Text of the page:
24 Oct. 2019
It has been a little more than one year since the IHF Playing Rules and Referees Commission (PRC) implemented a mentorship project designed to help less experienced referee couples learn from referee couples at the top level in international handball. The goal was for the top referee pairs to assist developing couples with not only technical things, but with all aspects and circumstances surrounding life as a high-level referee: mentality, behaviour, crowds, federation matters, continental championships versus IHF events, and so on.
As PRC Chairman Ramon Gallego acknowledged: “Many times, sharing the experience or advice of expert colleagues is much more important than all the messages of the PRC.”
There were no fixed rules for how the pairs would collaborate. Gallego explained the important aspect was the final target: to help these young referees become top referees as quickly as possible, provided their continued positive performance levels and growth.
Seven top IHF couples agreed to participate in the project, and the groups were paired as follows:
• Martin Gjeding and Mads Hansen, Denmark – mentors for Kiyoshi Izaki and Tomokazu Ikebuchi, Japan
• Oscar Raluy and Angel Sabroso, Spain – mentors for Mathias Sosa and Cristian Lemes, Uruguay
• Bojan Lah and David Sok, Slovenia – mentors for Youcef Belkhiri and Sidali Hamidi, Algeria
• Robert Schulze and Tobias Tönnies, Germany – mentors for Yufeng Cheng and Yunlei Zhou, China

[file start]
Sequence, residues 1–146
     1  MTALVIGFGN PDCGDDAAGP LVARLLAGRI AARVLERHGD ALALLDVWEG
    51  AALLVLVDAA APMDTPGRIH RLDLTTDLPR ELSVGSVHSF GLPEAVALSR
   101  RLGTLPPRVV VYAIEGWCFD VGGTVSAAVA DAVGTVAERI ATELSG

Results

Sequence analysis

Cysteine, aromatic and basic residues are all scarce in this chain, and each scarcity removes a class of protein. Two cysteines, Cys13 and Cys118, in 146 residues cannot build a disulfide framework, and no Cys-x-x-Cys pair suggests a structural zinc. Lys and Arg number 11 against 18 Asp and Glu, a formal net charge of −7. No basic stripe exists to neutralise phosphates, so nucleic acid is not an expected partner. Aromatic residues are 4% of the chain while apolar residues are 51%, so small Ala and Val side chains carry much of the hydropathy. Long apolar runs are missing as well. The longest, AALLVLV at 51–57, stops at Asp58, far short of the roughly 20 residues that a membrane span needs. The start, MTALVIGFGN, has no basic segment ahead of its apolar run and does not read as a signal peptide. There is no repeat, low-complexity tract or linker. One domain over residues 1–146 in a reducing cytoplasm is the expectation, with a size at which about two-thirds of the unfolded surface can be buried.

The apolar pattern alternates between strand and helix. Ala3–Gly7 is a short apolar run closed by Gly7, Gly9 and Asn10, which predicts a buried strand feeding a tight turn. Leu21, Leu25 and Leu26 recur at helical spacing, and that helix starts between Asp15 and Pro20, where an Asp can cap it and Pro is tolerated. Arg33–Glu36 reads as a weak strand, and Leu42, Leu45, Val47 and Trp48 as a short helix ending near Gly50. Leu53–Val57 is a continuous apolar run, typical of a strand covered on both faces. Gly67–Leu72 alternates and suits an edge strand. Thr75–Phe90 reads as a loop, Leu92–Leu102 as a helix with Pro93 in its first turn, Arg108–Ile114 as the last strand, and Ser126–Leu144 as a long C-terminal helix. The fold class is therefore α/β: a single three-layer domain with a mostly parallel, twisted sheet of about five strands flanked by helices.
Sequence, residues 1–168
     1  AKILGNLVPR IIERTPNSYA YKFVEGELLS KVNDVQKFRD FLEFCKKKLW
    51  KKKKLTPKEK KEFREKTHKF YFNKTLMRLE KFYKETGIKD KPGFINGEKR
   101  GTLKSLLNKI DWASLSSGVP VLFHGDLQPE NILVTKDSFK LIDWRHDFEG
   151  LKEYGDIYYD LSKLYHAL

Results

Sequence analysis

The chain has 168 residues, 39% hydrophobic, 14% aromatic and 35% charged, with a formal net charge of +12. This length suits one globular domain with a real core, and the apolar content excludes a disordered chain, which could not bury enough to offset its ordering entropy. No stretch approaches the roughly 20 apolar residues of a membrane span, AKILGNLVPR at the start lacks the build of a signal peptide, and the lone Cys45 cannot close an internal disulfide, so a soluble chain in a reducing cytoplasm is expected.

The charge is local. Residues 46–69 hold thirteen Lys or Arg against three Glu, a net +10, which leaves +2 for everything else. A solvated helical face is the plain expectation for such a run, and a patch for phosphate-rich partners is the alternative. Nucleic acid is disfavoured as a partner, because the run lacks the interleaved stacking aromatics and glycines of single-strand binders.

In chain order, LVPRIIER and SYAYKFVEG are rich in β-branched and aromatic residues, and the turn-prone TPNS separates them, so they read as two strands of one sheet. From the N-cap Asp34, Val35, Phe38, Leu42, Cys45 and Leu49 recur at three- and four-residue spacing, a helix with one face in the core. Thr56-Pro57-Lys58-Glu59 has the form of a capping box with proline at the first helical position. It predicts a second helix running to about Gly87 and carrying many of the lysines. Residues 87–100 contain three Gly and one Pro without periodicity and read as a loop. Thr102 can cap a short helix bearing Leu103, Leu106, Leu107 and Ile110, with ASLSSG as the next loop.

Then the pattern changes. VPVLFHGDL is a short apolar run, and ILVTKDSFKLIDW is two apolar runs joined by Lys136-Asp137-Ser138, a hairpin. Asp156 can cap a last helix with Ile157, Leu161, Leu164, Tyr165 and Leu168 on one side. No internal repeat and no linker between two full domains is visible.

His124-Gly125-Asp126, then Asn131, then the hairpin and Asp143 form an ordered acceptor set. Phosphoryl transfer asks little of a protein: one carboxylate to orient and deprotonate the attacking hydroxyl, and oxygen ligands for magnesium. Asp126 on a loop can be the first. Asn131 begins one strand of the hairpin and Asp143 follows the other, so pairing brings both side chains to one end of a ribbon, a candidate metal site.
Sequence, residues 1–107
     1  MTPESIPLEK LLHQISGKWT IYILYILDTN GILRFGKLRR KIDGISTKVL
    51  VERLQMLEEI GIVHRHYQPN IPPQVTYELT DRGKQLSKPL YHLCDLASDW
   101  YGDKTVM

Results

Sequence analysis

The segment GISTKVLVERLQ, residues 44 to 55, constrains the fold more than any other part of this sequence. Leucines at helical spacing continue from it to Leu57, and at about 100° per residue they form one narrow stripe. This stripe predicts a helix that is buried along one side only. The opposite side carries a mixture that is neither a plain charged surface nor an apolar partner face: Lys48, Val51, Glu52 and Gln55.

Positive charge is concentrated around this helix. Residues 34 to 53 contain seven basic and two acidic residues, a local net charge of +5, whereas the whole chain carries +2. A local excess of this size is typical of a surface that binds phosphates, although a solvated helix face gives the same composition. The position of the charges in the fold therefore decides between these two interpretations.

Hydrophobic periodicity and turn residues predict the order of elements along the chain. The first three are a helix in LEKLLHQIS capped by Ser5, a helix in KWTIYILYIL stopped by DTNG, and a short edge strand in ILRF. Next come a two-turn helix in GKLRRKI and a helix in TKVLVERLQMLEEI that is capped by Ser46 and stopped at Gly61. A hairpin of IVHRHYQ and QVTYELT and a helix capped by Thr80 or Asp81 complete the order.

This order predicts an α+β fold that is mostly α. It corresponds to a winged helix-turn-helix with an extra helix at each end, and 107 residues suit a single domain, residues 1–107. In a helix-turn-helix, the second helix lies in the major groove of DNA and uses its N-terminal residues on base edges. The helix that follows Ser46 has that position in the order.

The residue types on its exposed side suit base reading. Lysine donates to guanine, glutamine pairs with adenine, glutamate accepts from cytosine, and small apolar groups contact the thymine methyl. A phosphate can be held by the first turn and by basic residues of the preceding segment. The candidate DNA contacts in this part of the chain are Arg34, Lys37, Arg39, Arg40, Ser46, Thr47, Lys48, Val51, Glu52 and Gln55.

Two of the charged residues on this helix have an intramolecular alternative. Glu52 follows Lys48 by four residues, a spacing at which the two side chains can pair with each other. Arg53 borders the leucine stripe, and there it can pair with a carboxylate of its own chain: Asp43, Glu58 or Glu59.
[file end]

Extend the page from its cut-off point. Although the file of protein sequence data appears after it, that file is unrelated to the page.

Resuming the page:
• Charlotte Bonaventura and Julie Bonaventura, France – mentors for Safia Bennani and Maria Bennani, Sweden
• Karina Christiansen and Line Hessedal Hansen, Denmark – mentors for Maike Merz and Tanja Schilha, Germany
• Viktoria Alpaizde and Tatiana Berezkina, Russia – mentors for Yasmina Elsaied and Heidy Elsaied, Egypt
After the first year of the project, the PRC has asked the participants for their feedback and received unanimous positive feedback. Mainly, the focus for the developing referees has been on what is necessary beyond consistently good performances on the court. Specifically, topics discussed between the mentors and their assigned pairs have included how to become mentally stronger, preparation for important matches, self-confidence, overcoming difficult moments, when and when not to talk with coaches and players, preventative decisions to avoid ‘hot’ situations, analysis of teams, physical preparation including food intake, and the discovery of weak points that need improvement.
The pairs have analysed matches and clips together – an aspect that has proven a highly beneficial tool for learning but also highlights the difficulties for some referees in obtaining video of their own matches, depending on their home country or continent. The referees and PRC agree this access to video footage is crucial in helping referees develop their performance.
Based on the feedback, the PRC has drawn some key conclusions for the future, the most important of which will be encouraging meetings in person at competitions in order to allow for greater collaboration between the couples. Further into the future, the project may develop to allow for similar characteristics in the pairings, such as language.
“Establishing a unitary and shared web space, with the same guidelines and criteria for all participants in this programme, where young talents raise questions or challenges and mentors make their contributions and answers, could mean a benefit for all components of the project,” says Gallego.
The same organisation of pairs will continue until the 2020 Olympic Games in Tokyo, before which the seven less experienced couples are expected to participate in various continental and international championships, as well as qualification for the Olympic Games and potentially the Games themselves. After Tokyo 2020, a new phase of the project will begin.